Cyberbullying happens when kids bully each other through electronic technology. Find out why cyberbullying is different from traditional bullying, what you can do to prevent it, and how you can report it when it happens.
Visit the federal government’s cyberbullying webpage for more information.
Social Networking Site: Online Friendships’ Can Mean Offline Peril
Social networking sites are websites that encourage people to post profiles of themselves – complete with pictures, interests, and even journals – so they can meet like-minded friends. Most also offer chat rooms. Most sites are free; some restrict membership by age.
These sites can be appealing to child sexual predators, too: all that easy and immediate access to information on potential victims. Even worse, kids want to look cool, so they sometimes post suggestive photos of themselves on the sites.
Social networking websites often ask users to post a profile with their age, gender, hobbies and interests. While these profiles help kids connect and share common interests, individuals who want to victimize kids can use those online profiles to search for potential victims. Kids sometimes compete to see who has the greatest number of contacts and will add new people to their lists even if they do not know them in real life.
Children often don’t realize that they cannot “take back” the online text and images that they post. They may not know that individuals with access to this information can save and forward these posting to an unlimited number of users. Kids also may not realize the potential ramifications of their online activities. They can face consequences for posting harmful, explicit, dangerous, or demeaning information online, including being humiliated in front of their families and peers, suspended from school, charged criminally, and denied employment or entry into schools.
What can you do to keep your children safe, especially if they are visiting networking sites?
Most importantly, be aware and involved:
- Monitor your children’s use of the Internet; keep your Internet computer in an open common room of the common room house.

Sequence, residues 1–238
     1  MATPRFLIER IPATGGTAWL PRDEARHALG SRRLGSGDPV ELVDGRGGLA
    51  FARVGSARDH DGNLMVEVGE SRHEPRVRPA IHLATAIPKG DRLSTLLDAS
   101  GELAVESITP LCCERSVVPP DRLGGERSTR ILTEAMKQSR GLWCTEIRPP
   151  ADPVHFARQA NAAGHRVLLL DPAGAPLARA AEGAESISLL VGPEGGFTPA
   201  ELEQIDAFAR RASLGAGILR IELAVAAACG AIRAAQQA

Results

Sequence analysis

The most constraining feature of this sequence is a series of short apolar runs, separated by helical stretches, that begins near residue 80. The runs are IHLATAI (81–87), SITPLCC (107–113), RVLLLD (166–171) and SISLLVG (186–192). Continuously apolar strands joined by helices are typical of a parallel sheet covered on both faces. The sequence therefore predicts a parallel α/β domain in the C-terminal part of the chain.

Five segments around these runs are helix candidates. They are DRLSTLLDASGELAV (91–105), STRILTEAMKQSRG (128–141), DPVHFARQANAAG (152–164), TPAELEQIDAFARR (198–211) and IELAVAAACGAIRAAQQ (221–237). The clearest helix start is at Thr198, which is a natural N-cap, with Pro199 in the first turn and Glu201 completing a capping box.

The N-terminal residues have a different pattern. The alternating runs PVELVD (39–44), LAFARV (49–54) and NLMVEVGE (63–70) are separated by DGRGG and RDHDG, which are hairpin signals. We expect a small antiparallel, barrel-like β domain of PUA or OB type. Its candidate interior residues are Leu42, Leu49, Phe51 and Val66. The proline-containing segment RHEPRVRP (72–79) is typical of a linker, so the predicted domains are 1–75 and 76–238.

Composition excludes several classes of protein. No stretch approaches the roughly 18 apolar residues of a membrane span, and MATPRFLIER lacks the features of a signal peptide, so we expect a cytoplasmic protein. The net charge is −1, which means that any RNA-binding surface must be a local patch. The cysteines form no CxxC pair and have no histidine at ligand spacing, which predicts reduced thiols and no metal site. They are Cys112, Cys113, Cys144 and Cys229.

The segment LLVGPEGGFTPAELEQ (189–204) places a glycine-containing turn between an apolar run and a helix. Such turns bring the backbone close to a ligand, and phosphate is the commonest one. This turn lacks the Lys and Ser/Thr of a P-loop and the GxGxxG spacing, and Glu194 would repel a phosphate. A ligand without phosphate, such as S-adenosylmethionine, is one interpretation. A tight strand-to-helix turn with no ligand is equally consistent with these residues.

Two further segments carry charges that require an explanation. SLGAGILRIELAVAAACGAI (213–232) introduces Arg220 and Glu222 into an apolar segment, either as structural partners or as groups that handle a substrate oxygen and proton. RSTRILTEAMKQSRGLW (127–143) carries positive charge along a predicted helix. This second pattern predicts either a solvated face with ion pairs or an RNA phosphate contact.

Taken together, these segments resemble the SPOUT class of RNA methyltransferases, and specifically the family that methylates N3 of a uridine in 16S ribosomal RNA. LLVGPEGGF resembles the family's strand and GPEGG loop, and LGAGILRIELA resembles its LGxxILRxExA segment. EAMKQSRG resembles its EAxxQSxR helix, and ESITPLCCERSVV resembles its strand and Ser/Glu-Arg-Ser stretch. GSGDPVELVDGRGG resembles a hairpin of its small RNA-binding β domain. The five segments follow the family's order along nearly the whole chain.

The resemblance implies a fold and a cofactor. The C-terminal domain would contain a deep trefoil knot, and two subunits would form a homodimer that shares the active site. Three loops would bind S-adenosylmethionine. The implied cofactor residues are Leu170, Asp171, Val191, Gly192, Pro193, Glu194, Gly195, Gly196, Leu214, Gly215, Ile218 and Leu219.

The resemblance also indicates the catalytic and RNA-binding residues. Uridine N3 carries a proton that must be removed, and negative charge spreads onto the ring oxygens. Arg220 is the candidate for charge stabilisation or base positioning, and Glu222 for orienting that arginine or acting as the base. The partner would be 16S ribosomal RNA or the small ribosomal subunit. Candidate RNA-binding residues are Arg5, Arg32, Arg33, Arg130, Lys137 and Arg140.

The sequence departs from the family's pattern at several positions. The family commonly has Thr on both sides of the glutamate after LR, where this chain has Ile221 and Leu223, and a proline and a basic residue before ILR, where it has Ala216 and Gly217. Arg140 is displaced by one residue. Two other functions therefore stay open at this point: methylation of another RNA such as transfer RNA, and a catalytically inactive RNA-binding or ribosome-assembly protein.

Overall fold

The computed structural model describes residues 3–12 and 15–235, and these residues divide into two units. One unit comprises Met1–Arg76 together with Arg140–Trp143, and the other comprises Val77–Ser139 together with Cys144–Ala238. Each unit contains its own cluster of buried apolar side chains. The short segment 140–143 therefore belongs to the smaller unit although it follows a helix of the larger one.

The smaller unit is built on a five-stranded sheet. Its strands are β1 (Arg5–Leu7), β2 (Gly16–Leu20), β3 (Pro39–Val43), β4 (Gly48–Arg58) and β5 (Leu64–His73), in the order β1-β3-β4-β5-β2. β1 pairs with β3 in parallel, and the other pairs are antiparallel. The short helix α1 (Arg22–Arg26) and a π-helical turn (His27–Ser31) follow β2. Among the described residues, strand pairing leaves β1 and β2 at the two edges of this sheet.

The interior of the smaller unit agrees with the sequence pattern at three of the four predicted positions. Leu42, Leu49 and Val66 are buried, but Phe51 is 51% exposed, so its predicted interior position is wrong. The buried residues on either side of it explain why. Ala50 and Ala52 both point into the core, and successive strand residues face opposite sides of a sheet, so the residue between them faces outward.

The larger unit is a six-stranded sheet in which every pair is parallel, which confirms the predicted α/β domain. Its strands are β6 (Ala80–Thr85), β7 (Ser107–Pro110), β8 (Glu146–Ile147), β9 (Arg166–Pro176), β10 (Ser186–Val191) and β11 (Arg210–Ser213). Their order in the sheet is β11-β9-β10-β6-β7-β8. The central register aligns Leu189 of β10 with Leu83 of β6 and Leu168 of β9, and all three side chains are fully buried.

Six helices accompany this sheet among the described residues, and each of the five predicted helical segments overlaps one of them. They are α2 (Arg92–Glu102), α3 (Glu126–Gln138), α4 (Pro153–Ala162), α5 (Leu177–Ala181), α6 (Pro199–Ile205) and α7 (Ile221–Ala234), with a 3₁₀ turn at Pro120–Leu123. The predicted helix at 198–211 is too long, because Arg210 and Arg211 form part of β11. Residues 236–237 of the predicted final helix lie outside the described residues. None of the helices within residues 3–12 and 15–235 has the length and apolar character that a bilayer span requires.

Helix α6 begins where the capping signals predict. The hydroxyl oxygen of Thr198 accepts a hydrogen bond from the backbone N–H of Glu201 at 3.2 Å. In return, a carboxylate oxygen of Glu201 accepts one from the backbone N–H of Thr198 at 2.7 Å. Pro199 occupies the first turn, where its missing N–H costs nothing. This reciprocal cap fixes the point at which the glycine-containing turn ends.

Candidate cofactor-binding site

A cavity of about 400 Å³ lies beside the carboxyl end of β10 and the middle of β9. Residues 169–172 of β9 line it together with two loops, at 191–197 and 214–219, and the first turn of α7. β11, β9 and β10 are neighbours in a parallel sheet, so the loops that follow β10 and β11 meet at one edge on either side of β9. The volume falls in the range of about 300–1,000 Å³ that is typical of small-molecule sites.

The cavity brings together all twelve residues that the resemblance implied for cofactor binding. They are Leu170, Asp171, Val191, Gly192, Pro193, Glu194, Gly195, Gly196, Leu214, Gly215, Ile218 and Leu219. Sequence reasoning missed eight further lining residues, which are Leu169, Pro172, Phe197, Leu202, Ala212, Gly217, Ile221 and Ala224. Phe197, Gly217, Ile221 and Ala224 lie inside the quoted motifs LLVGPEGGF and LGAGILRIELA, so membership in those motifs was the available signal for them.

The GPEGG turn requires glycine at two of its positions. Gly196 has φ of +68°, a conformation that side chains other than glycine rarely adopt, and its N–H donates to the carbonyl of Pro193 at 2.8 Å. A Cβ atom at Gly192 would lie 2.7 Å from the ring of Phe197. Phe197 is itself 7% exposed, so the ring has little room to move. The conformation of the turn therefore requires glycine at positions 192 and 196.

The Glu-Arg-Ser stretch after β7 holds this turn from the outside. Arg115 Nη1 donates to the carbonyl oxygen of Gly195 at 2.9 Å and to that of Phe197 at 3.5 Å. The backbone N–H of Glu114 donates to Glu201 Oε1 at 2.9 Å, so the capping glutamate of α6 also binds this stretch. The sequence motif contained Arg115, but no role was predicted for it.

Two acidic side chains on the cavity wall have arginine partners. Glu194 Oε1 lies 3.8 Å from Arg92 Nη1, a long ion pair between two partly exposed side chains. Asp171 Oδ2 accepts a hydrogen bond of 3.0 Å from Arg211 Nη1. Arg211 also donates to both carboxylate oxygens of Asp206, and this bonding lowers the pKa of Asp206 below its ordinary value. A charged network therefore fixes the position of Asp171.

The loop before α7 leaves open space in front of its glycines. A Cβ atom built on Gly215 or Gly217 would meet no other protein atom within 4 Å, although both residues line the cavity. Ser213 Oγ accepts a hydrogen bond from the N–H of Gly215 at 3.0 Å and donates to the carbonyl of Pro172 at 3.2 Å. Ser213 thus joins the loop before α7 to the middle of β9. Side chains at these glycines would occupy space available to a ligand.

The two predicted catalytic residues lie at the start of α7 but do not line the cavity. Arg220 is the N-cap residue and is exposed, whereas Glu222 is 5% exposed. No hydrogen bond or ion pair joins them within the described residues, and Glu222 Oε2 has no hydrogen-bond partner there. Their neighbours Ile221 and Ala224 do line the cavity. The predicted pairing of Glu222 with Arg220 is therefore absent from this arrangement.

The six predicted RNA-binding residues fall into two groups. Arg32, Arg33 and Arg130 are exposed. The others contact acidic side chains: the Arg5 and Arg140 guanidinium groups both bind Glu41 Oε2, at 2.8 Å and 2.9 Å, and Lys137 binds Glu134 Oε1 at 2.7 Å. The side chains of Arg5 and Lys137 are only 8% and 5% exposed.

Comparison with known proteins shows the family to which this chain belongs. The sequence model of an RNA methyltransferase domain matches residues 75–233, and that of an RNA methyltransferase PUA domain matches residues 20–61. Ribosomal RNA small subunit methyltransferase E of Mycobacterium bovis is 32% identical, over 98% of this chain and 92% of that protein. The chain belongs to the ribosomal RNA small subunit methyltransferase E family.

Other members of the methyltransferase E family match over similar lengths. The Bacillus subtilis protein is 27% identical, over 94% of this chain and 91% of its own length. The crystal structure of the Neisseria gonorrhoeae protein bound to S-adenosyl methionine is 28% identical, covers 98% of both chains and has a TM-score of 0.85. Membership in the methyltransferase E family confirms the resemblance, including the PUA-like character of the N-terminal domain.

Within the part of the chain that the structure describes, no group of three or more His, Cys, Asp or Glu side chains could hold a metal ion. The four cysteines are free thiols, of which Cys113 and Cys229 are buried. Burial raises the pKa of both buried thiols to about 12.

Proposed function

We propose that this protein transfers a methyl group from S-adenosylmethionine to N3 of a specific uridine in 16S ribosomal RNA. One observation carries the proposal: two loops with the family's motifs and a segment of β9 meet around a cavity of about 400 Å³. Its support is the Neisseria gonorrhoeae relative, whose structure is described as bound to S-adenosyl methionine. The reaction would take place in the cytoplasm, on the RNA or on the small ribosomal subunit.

- Tell your kids why it is so important not to disclose personal information online.
- Check your kids’ profiles and what they post online.
- Read and follow the safety tips provided on the sites.
- Report inappropriate activity to the website or law enforcement immediately.
- Explain to your kids that once images are posted online they lose control of them and can never get them back.
- Only allow your kids to post photos or any type of personally identifying information on websites with your knowledge and consent.
- Instruct your kids to use privacy settings to restrict access to profiles so only the individuals on their contact lists are able to view their profiles.
- Remind kids to only add people they know in real life to their contact lists.
- Encourage kids to choose appropriate screen names or nicknames.
- Talk to your kids about creating strong passwords.
- Visit social networking websites with your kids, and exchange ideas about acceptable versus potential risky websites.
- Ask your kids about the people they are communicating with online.
- Make it a rule with your kids that they can never give out personal information or meet anyone in person without your prior knowledge and consent. If you agree to a meeting between your child and someone they meet online, talk to the parents/guardians of the other individual first and accompany your kids to the meeting in a public place.
- Encourage your kids to consider whether a message is harmful, dangerous, hurtful, or rude before posting or sending it online, and teach your kids not to respond to any rude or harassing remarks or messages that make them feel scared, uncomfortable or confused and to show you the messages instead.
- Educate yourself on the websites, software and apps that your child uses.
- Don’t forget cell phones! They often have almost all the functionality of a computer.
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